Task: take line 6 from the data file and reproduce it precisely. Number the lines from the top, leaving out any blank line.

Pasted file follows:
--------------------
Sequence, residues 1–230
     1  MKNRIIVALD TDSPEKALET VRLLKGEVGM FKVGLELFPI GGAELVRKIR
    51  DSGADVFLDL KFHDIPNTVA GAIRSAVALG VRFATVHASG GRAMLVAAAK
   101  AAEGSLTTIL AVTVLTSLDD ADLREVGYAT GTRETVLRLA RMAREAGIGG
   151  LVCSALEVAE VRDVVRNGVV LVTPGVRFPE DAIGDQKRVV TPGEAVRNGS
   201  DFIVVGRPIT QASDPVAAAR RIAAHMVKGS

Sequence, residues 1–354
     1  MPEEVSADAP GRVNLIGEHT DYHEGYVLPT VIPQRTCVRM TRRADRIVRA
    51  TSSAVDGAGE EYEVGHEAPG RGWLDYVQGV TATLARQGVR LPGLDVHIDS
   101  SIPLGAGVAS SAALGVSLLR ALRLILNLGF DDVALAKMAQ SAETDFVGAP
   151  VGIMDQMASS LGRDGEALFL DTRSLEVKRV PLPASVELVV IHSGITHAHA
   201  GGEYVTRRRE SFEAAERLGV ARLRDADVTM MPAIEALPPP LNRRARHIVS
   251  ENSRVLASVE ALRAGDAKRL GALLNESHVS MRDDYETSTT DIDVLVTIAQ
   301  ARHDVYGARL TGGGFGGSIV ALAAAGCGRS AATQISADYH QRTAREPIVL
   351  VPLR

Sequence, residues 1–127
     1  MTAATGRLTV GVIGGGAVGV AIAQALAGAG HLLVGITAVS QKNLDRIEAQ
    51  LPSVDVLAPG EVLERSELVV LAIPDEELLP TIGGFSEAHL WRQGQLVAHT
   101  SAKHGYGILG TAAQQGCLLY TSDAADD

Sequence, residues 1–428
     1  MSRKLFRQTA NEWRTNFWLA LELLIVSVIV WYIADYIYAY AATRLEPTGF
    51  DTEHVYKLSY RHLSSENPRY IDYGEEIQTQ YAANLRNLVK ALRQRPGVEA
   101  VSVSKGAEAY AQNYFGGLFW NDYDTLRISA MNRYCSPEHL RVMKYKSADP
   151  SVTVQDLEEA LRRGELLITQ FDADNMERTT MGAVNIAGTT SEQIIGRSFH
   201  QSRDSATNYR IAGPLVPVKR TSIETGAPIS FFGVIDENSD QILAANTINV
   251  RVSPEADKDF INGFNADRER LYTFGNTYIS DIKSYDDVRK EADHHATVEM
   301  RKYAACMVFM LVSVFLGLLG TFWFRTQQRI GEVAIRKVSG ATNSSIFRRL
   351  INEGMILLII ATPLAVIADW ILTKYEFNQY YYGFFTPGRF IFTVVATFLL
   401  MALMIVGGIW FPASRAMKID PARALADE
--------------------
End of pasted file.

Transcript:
   201  DFIVVGRPIT QASDPVAAAR RIAAHMVKGS